July 23, 2018

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>75: What am I Supposed to Do With This Ethics Exam?

Editor’s note: Welcome to latest edition of >75, our weekly post on a question related to the CPA Exam. Send your questions to [email protected] and we’ll do our best to answer as many of them as possible. You can see all of the JDA’s posts for GC here and all our posts related to the CPA Exam here.

If you are in an ethics exam state and trying to figure out how to pass it (first of all: fail), don’t worry, I’ve got some advice. An email from a reader who prefers not to expose his unethical-ness comes to JDA thusly:

I’m having trouble passing the ethics exam, I’ve failed twice. How can I pass it?

First of all, I’m going to ignore the fact that this question — by itself or to a casual observer not in public accounting — is pretty fucked up. You shouldn’t need help with this. I can understand needing an explanation on how to get your foreign degree evaluated (I still don’t quite get it) but this should be easy. However, for the purposes of this post, I’ll disregard that part.

For starters, the ethical thing to do would be a Google search on the ethics exam, not posting Craigslist ads offering to pay people to take it for you. But if you’re like most public accountants trying to get a license, you copy off of your coworkers. I shouldn’t have to tell you that. If I do, it probably means you’re not cut out for this line of work.

There are other things you can do. Some state societies of CPAs have resources like tips or even experts you can consult to help you. Again, this shouldn’t be hard, it’s supposedly your first mandate in public accounting.

It’s open book, there’s no timer and you can bring a weapon to wherever you’re taking the test (unlike the CPA exam itself). Why are you making such a huge deal out of this?
Abacus said the Wisconsin ethics exam, while being tough, just needed some diligence to get through. What’s scary about that?

If you absolutely run out of ideas, some ethics exams have a “Lifeline”. Here in California, if you bomb three times, you can call CalCPA’s Education Foundation and they might give you a hint or two along with three more chances to pass.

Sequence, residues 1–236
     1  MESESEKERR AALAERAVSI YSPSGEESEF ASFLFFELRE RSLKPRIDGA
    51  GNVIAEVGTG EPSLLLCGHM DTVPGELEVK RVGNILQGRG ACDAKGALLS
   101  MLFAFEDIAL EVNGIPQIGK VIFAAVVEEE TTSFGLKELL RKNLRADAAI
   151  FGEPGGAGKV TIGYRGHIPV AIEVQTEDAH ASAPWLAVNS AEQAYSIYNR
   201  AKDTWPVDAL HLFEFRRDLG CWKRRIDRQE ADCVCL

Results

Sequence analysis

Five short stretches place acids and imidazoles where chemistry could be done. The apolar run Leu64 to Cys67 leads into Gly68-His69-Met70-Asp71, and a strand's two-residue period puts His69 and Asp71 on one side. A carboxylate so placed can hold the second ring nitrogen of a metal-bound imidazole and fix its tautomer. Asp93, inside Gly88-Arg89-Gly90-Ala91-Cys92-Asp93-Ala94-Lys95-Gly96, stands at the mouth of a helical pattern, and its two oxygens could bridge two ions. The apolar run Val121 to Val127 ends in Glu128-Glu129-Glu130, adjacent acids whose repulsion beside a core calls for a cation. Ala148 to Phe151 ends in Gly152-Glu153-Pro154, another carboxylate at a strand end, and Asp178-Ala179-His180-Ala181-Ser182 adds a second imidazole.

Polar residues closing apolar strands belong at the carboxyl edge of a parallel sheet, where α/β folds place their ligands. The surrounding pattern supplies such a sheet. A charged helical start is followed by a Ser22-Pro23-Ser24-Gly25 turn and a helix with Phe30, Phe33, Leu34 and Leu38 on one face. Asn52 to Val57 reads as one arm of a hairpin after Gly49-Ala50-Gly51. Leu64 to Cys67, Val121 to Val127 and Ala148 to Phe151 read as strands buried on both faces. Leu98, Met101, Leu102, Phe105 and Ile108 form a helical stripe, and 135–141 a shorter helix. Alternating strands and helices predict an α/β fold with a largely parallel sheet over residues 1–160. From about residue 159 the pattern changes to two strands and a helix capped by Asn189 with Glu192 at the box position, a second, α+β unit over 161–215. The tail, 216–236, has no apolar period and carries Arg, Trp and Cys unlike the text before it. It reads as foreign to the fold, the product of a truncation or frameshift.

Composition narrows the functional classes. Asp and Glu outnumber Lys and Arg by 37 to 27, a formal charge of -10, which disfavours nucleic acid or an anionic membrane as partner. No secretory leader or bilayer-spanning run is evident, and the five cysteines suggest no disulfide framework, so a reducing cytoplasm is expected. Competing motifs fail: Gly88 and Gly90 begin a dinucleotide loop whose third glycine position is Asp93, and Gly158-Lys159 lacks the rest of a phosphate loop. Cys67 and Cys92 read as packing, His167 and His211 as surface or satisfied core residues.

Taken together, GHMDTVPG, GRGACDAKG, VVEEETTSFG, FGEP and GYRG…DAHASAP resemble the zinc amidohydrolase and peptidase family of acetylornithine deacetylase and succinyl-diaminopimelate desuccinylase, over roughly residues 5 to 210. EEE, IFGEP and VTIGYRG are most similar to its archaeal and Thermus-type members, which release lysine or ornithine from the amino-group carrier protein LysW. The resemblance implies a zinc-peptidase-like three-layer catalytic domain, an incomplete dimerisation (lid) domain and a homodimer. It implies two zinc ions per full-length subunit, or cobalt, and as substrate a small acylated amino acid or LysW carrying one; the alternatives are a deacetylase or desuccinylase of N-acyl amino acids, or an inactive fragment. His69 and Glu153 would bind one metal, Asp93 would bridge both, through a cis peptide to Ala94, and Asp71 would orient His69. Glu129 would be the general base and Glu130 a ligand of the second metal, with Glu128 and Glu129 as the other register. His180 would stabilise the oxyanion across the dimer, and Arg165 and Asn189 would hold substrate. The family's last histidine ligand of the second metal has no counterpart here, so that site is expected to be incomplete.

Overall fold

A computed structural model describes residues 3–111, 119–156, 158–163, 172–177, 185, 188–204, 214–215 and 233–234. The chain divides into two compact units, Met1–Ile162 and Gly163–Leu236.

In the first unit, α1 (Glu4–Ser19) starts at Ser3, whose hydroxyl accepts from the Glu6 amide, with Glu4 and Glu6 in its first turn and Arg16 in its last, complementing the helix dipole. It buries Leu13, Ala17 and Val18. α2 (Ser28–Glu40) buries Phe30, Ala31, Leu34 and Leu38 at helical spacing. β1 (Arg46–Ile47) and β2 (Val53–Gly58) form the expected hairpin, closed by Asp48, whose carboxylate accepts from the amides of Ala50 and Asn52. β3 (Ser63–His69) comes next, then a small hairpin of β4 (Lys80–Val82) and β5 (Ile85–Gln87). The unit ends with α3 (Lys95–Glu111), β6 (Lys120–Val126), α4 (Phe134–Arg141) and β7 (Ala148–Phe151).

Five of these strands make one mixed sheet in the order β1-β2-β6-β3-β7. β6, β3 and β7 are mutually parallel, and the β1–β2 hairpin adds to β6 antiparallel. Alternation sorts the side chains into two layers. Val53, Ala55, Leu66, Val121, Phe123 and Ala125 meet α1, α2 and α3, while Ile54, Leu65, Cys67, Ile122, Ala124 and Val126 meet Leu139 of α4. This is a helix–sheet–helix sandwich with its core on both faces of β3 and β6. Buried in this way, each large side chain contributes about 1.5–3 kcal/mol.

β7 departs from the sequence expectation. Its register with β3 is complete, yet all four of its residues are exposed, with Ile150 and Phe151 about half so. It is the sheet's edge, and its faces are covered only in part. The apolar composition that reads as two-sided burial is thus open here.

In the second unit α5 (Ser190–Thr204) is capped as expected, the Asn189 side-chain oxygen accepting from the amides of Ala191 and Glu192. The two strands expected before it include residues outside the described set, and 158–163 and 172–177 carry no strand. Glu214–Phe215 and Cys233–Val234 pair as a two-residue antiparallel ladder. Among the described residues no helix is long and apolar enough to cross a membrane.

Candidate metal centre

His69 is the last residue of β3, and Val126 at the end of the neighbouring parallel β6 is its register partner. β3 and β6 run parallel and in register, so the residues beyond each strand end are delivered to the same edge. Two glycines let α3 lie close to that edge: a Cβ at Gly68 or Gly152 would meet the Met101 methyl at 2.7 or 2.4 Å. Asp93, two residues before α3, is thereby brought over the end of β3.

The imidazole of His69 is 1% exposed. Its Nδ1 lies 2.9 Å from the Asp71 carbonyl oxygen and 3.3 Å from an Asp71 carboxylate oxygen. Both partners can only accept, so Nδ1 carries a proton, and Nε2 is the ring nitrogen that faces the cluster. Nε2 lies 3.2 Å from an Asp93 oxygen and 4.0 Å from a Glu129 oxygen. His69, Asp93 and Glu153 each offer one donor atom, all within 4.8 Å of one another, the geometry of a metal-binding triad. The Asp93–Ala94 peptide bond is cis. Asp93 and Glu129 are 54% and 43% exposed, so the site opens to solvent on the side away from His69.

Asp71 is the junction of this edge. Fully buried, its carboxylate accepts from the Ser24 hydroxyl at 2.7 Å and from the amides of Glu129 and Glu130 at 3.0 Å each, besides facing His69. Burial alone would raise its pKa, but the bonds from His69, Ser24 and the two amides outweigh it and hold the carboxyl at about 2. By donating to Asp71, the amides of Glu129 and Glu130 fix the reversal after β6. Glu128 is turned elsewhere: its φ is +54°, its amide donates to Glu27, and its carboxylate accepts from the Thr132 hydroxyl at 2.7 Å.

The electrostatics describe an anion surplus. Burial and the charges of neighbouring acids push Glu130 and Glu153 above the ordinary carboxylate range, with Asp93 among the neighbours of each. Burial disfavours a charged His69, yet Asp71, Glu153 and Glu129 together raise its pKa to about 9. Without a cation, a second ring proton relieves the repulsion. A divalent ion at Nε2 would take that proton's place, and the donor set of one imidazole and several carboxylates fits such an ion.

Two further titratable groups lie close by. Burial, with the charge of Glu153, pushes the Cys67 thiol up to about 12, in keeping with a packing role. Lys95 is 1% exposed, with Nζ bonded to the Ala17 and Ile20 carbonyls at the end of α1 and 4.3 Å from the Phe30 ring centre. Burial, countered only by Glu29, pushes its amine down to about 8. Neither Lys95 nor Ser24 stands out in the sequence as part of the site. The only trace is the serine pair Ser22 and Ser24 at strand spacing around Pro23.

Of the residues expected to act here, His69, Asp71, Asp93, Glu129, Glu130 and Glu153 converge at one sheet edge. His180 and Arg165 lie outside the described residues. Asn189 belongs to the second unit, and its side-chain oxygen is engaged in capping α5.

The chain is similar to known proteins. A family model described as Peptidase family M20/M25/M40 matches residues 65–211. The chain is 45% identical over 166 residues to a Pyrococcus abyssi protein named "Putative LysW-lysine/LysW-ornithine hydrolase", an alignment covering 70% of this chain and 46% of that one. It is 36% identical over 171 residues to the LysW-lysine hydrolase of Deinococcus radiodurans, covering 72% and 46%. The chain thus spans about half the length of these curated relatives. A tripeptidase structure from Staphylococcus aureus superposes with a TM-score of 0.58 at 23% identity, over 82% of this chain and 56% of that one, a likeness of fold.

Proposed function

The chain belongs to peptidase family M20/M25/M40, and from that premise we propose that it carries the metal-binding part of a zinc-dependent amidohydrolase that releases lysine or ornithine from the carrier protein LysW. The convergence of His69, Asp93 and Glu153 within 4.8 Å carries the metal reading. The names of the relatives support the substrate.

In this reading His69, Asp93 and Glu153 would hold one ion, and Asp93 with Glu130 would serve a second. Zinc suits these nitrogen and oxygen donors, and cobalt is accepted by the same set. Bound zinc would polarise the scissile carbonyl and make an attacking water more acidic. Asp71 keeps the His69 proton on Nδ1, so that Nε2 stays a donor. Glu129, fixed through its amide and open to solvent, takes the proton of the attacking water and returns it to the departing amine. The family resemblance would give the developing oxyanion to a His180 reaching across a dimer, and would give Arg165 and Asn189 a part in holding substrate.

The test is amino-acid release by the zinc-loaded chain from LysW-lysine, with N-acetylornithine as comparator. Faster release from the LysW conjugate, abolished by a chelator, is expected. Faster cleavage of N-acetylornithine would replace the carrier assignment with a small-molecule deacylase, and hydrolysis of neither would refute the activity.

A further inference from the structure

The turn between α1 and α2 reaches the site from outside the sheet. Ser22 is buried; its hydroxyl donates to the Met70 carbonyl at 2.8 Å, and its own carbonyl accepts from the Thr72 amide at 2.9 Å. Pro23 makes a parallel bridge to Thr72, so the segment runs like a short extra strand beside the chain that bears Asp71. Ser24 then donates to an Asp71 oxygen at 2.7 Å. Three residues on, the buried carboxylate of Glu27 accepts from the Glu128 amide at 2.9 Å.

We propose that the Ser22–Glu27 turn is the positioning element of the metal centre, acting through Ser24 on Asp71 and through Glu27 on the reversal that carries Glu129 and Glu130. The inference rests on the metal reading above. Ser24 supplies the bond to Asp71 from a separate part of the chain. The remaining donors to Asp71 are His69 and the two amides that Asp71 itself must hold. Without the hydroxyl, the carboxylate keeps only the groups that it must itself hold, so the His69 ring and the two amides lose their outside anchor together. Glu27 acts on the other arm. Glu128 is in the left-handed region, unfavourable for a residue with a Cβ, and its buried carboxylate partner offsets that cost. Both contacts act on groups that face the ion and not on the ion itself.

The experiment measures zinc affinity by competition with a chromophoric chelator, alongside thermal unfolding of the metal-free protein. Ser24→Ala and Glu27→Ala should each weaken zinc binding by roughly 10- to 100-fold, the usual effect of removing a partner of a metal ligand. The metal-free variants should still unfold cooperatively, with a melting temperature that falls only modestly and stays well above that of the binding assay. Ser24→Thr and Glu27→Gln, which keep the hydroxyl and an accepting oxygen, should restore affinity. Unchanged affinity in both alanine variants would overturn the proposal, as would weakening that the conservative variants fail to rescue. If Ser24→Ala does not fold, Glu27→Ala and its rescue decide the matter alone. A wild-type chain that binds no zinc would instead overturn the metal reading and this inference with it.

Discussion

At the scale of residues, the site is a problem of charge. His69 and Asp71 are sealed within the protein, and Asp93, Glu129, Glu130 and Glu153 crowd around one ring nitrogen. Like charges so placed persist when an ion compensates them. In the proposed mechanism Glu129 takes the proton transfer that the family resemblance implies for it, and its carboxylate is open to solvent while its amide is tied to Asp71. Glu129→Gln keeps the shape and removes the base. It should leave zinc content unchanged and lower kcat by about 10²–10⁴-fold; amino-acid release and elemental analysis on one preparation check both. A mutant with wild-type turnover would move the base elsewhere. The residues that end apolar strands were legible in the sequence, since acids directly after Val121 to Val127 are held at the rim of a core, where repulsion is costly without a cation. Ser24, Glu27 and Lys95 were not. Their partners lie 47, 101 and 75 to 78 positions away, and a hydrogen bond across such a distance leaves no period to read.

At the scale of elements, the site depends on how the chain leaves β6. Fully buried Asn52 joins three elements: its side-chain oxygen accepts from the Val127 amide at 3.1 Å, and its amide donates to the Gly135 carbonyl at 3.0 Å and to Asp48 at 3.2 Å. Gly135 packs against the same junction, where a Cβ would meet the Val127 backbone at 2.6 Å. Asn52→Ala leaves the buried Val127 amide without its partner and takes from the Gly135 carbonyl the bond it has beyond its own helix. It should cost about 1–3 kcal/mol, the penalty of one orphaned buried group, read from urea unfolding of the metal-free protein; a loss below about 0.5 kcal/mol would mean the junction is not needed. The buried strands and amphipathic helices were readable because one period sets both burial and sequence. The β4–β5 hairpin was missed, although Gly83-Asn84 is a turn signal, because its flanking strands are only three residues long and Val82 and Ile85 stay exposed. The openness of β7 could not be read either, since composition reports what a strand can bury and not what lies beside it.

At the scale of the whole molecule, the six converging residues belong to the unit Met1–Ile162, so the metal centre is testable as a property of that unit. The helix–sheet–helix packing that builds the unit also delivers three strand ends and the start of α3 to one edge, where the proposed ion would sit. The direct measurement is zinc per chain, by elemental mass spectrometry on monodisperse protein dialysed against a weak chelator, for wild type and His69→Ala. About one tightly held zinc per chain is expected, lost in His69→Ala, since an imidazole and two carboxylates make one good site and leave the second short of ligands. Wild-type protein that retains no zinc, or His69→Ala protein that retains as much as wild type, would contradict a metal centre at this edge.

Give it enough time and understand the subtle nuances of the questions, don’t just try to barrel your way through it and you might pass this time. Good luck.

Jim Quigley, Still ‘a Proud Aggie,’ Fails to Go Out on a High Note

Jim_quigley.jpgThat’s right, he’s proud. Never mind that the football team just finished their season 4 – 8. Sports aren’t everything.
The Big Q, swindler of unsuspecting journalists, took time away from calling CEOs on private jets to give a speech at Utah State (his alma mater) to faculty and students on ethics.
We won’t give you all the gory details since CNN probably is working on that piece right now. We’d hate to steal their thunder.

We will mention that Quigs is swelling with pride that USU’s Jon M. Huntsman School of Business Scholars agree to “principles” which he quoted in the speech:

“I agree to conduct myself according to the highest ethical standards. I will accept personal responsibility for my conduct and any consequences for mistakes, accidental or intentional. I will be honest, truthful and fair in alof my actions and interactions with others. I will also demonstrate civil, respectful and courteous concern for and behavior toward others at all times both in and outside of the classroom.”

It seems like a fine group of sentences but I implore you: is it an oath/promise laminated on tiny cards? Hardly, dude.
Ethics and integrity aside, Quigs’ remarks seem like the standard boilerplate metaphors and clichés. Hell, he even quotes the Oracle in his conclusion, “Warren Buffett said: ‘It takes 20 years to build a reputation and five minutes to ruin it.’ And, once lost, it can take years to rebuild.”
It works well enough but we would have rather heard Quigs wrap it up with “I’ve never gone to bed with an ugly woman but I’ve sure woke up with a few.” It would’ve brought the house down. High note, Quigs. Always look to go out on that high note.